In every organization there exists a one-page document that holds unimaginable power. It holds the power to grow amazing results or unleash total destruction upon the organization. The Mayan civilization understood that nothing is good and nothing is evil. They also understood that with ultimate power came ultimate responsibility and learning how to harness that power could bring your the results you wanted. The same holds true for this document.
The Job Description
For some 20 years now, I have been preaching that “all your problems start at your front door.” I learned this lesson many years ago after managing a portfolio of more than 150 high-hazard companies. The companies that were the most successful knew they had to make great hiring decisions. But making great hiring decisions comes down to due diligence and that due diligence is represented in your job description.
The job description is the jack of all trades. It can help you make great hires by creating job posting. It can help your employees be all they can be by creating performance reviews. It can help you develop your employees by creating a guide for training. It can help you keep your staff safe by listing the essential functions. And it can help you weed out the non-performers by providing you a great defense to poor performance.
I’ll Stop Lying On My Resume When You Stop Lying On The Job Description
The biggest issue facing organizations is that they don’t take time to develop their job descriptions. If they do develop job descriptions, then they typically fail to update them on a regular basis. I’ve worked with companies that thought the job description didn’t matter – they literally copied another organizations documents, including the other company’s name. Can you image what your employees would think if you handed them a job description from a competitor. Now that’s a first impression!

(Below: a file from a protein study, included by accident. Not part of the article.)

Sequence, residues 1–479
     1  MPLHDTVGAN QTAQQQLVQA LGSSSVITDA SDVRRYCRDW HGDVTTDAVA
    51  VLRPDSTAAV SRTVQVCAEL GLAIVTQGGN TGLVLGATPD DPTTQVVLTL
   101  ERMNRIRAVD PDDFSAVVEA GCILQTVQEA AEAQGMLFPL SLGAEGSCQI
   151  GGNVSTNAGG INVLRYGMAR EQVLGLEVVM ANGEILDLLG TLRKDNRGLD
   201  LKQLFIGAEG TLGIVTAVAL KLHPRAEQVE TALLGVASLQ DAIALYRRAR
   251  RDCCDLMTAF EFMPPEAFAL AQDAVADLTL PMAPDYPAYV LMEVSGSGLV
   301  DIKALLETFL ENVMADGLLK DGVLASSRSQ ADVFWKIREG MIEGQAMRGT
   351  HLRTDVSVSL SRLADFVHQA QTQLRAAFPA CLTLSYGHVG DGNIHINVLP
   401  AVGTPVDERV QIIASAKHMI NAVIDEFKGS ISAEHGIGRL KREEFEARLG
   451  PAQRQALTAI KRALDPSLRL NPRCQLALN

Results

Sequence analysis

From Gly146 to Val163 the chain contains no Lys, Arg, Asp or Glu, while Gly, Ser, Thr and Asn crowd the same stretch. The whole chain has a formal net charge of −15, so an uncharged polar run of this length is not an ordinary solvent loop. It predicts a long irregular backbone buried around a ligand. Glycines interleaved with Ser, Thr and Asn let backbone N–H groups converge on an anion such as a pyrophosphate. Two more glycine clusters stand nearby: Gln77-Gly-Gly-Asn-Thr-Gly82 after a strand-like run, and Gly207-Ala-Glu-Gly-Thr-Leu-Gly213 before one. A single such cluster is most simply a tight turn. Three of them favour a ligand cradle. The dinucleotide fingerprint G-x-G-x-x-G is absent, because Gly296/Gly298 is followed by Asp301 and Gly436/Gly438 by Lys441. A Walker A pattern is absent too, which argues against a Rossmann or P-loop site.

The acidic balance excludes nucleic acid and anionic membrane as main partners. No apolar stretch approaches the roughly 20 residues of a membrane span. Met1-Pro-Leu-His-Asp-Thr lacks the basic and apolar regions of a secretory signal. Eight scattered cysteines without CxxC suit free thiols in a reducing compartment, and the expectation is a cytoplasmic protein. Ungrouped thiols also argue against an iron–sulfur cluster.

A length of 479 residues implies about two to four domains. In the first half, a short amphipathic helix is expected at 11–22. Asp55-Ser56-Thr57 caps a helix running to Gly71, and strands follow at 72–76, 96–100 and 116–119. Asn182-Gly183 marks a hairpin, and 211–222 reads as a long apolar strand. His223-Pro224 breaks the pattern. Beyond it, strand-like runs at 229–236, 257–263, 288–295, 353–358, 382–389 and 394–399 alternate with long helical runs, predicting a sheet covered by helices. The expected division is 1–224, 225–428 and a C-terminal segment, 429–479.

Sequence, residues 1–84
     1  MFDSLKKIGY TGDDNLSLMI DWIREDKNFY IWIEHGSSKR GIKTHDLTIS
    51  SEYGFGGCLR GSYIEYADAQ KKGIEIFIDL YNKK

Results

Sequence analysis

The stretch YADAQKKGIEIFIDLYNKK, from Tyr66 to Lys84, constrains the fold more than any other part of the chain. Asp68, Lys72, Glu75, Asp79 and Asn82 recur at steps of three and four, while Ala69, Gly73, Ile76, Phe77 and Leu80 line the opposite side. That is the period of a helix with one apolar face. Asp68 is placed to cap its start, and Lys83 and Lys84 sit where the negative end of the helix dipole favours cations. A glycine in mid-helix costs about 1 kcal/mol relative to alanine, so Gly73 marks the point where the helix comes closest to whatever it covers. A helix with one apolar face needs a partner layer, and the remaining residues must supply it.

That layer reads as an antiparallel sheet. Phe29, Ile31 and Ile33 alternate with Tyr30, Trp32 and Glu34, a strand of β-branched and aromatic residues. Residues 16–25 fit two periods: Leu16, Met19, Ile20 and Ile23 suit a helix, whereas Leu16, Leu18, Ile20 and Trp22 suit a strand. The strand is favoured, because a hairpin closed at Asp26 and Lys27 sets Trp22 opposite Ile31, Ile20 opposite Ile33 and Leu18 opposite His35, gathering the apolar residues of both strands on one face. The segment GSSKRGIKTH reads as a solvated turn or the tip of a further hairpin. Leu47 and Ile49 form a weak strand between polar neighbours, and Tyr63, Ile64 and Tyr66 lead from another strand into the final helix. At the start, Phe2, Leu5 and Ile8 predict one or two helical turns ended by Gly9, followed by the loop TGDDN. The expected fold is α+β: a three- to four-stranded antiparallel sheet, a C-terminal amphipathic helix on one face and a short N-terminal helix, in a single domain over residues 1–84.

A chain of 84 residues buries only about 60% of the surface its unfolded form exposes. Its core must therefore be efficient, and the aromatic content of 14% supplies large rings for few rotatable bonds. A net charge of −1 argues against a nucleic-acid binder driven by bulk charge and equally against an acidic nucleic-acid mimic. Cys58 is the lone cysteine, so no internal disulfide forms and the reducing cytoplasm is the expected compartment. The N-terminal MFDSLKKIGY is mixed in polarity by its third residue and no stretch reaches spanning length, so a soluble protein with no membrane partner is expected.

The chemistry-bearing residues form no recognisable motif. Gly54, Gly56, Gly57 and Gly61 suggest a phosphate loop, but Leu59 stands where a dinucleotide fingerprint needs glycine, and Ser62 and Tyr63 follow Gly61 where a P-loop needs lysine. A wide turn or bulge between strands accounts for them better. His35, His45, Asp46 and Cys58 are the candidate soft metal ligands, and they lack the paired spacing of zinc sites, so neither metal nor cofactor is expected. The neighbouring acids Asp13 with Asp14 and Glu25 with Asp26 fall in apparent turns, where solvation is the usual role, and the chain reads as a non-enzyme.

Job descriptions need to be authentic. They need to be objective views into the job itself. Here’s an example: your description states the employee needs to be able to lift 135 pounds. But, then you allow the employees to help each other when moving 92 pound boxes. In this example, the essential function isn’t 135 pounds – it’s 91 pounds. This simple misstatement on the job description can work against you in an ADA claim.
So often we are rushing to build our bank of job documents and we subjectively make up the functions of the job. Want a really great typist? Is that 92, 130, or 175 words a minute? Want someone that is healthy and fit? Must lift 200 pounds, walk 3 miles and stand for 12 hours a day. This certainly will help you find that ultra employee, but when it comes down to it, these functions weren’t measured subjectively and therefore aren’t essential.
If you want to build a great job description, then you really need to get authentic. Hire a physical therapist and have them work with your existing employees around for a day. They will use scientific tools (scales, tape measures, stop watches, etc…) to measure the essential functions. Functions that will stand up in court and functions that can be measured in a functional exam by a doctor.
Update Them Regularly
Now, that you have built a great job description, you need to update it regularly. How often you ask? Well, for starters technology changes all the time and so do the operations that we perform. An annual general review of all your documents should be performed annually. This will help you catch those major changes and focus in on the documents that need to be updated.
If you know you have changes in job functions, then theses should be updated on an as-needed basis.